When Europe went to war

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‘No part of the Great War compares in interest with its opening,’ wrote Winston Churchill of the world-changing events that took place 110 years ago this summer, as Europe’s ‘Great Powers’ found themselves sliding inexorably towards a new type of conflict. ‘The measured, silent drawing together of gigantic forces, the uncertainty of their movements and positions, the number of unknown and unknowable facts made the first collision a drama never surpassed.’

More than a century on, interest in this extraordinary drama shows few signs of fading — as new generations ask themselves, how could Europe’s leaders have allowed such a thing to happen? How could a continent that had for so long prided itself on its so-called ‘civilisation’ sleepwalk into a conflagration that would claim the lives of between 15 and 22 million soldiers and civilians over the following four years?

Such interest is not purely historical, of course. For inside this complex tale of imperial rivalries and short sighted diplomatic blundering, many are tempted to discern a parable with enduring relevance to the world we live in today. That is why the US President John F Kennedy famously found inspiration at the height of the 1962 Cuban Missile Crisis in The Guns of August, Barbara Tuchman’s celebrated account of the outbreak of World War I. And it is why the events of that far-off summer of 1914 are still referred to even today by those who warn of the dangers of escalating conflicts around the world, from Ukraine to the Middle East.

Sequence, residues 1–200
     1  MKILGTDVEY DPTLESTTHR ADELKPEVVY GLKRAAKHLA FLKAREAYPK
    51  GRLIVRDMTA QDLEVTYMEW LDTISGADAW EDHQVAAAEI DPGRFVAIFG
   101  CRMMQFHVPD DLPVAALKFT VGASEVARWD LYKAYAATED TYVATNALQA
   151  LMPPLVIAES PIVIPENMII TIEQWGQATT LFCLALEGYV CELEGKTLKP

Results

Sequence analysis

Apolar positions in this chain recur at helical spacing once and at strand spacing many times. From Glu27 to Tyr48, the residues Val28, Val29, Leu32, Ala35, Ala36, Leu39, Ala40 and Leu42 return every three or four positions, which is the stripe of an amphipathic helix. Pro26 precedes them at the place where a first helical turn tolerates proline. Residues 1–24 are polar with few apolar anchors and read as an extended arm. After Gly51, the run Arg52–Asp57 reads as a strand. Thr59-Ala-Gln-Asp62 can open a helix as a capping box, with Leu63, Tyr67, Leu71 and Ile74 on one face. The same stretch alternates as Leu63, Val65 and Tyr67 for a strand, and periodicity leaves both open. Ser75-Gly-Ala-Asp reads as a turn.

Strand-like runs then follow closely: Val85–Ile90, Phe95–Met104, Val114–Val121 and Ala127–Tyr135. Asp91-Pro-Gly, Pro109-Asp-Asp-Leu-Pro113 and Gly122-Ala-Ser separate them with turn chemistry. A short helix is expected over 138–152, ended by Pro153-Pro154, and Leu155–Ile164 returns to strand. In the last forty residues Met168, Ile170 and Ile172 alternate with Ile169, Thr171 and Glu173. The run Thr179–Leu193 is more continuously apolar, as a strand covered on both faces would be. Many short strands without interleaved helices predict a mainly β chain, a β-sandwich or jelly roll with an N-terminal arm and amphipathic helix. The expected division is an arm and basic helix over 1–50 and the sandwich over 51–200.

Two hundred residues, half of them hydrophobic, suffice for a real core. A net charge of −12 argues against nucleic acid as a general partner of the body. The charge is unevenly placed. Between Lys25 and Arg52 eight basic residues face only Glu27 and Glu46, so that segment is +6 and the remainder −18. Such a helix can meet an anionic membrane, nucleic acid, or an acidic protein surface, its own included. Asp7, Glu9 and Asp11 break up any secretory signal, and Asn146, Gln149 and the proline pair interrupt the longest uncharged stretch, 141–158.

In our special two-part feature in this issue to mark the 110th anniversary of the First World War, Graham Goodlad looks first at how Europe’s alliances broke down as the continent lurched closer to catastrophe, and then analyses in detail the ‘Miracle of the Marne’ — the key early battle, fought in September 1914, that saved Paris and checked the German advance, but in doing so set the course for four long years of bitter conflict.

This is an extract from a special feature on The First World War from the August/September 2024 issue of Military History Matters magazine.

Read the full article online on The Past, or in the print magazine: find out more about subscriptions to Military History Matters here.

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